Bottom line: The sale of new shares at a discount by Alibaba Pictures and Kingsoft (OTCPK:KSFTF) reflects growing competition for funds in Hong Kong, while Mindray (NYSE:MR-OLD) is likely to seek a China re-listing following its privatization from New York.
A flurry of fund-raising activity on China's periphery is in the headlines as we end the week, led by 2 separate plans by Alibaba's (NYSE:BABA) film unit and software maker Kingsoft (HKEx: 3888) to raise a combined $2 billion. At the same time, medical device maker Mindray has become the latest in a recent string of companies to receive buy-out offers, following years of lackluster performance for its New York-listed shares.
The underlying theme to these 3 stories is a huge stock market rally in China itself, which has seen the benchmark Shanghai index more than double over the last year. That rally is making companies like Mindray envious, prompting many to de-list from New York and target re-listings at home. At the same time, the China effect is also spilling over into adjacent Hong Kong, making it much easier for Chinese companies listed there to also raise new cash.
I've written about this broader trend frequently in the last few months, but one thing I haven't really discussed is what's likely to happen when China's stock rally runs out of steam. When that occurs, many of the buyers of these privatized US-listed Chinese companies may discover they have few options to repay their debt, and be forced to sell their assets at losses. The current strong fund-raising climate in Hong Kong is also likely to quickly evaporate when the rally ends, which is likely by the end of this year.
Let's start with Alibaba Pictures Group (HKEx: 1060), the filmmaker purchased by Alibaba last year that was previously known as ChinaVision. Alibaba discovered accounting irregularities at the company after closing the deal, but presumably all those have been cleared up by now and it has just announced a plan to raise HK$12.2 billion ($1.6 billion) through a private placement. (English article)
Significantly, the placement price of HK$2.90 per share marked a 13 percent discount from Alibaba Pictures' last closing price before the deal was announced. That would indicate that big institutional investors aren't as bullish about the company as the many less sophisticated investors who have fueled China's stock market rally. Still, it's impressive that the company can raise this much money at all, and it's quite possible we'll see it make one or 2 medium-sized acquisitions in the next year.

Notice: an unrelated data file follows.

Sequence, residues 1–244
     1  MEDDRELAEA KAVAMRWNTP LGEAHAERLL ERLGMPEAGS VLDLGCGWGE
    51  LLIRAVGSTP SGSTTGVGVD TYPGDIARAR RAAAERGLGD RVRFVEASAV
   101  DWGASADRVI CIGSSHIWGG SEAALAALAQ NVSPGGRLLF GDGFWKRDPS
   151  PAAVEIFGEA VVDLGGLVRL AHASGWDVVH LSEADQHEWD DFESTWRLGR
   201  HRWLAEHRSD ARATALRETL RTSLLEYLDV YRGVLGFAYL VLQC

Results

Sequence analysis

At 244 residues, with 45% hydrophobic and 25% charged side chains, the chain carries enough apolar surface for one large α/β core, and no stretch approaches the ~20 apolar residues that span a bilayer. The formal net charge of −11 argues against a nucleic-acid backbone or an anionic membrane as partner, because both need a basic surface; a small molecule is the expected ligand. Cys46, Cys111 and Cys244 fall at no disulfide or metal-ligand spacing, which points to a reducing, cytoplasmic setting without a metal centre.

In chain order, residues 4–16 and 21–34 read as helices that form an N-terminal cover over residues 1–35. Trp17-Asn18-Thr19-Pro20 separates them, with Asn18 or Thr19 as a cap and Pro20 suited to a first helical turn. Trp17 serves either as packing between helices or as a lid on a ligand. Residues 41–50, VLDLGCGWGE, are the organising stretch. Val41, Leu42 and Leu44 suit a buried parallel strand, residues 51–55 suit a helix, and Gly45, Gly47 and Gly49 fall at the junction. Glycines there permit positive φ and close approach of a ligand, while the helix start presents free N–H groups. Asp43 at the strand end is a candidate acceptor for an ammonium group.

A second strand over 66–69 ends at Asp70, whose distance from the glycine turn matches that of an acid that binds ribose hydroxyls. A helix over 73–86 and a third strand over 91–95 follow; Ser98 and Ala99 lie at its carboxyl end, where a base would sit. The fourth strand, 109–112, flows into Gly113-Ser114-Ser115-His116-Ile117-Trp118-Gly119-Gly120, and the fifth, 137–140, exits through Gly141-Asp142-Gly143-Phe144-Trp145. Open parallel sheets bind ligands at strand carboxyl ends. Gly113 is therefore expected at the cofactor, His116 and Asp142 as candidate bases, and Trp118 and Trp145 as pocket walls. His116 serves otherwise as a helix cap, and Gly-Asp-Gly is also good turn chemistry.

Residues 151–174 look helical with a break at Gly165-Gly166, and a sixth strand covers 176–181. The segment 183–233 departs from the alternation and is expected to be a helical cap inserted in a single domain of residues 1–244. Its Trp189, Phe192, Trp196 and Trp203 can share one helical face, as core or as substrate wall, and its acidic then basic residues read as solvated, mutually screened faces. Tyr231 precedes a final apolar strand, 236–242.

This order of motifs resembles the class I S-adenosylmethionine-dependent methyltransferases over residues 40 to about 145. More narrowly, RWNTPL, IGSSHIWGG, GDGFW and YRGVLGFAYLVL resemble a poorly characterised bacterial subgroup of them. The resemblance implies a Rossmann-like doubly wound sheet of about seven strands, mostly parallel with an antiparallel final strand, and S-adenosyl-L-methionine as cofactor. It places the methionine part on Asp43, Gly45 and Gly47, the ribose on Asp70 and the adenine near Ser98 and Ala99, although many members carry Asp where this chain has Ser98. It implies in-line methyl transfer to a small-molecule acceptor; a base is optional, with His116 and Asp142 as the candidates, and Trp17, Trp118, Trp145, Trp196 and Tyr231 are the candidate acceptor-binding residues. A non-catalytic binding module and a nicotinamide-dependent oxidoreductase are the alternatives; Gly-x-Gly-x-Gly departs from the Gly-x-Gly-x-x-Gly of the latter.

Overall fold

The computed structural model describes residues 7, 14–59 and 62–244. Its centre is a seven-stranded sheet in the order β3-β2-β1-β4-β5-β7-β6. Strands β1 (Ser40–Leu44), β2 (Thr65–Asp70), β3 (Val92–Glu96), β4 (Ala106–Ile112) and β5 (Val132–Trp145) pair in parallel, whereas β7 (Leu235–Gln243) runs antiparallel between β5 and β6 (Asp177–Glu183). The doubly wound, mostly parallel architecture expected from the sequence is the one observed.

Next, there's Kingsoft, one of China's leading private software makers, which has just announced its own plan to raise HK$2.72 billion, or about $350 million. (Chinese article) It said it would raise the money by selling more shares at a price of $27.21 apiece, also marking a discount of about 10 percent from its close before the deal was announced.
The deal looks quite targeted, with 80 percent of the funds set to go to Kingsoft's cloud computing unit. I have a healthy respect for the company, which has managed to do well despite its relatively low profile. Thus, I attribute the relatively large discount in both this case and with Alibaba Pictures to the fact that competition for funds in Hong Kong is quite stiff right now, as everyone tries to cash in on the China stock market rally.
Finally, there's Mindray, which said it has received a management-led buyout offer to privatize the company for $30 per American Depository Share. (company announcement) The company's shares actually jumped to slightly above the offer level after the announcement, indicating investors might think a higher bid could be coming.
Mindray certainly fits the profile of companies that have launched privatization bids lately. Its shares have hovered around the $30 level for most of the decade of its life as a publicly traded company, as its growth has slowed lately. Perhaps we'll see a higher bid for Mindray emerge before the company finally goes private, but after it leaves, I doubt that too many investors will notice its absence.
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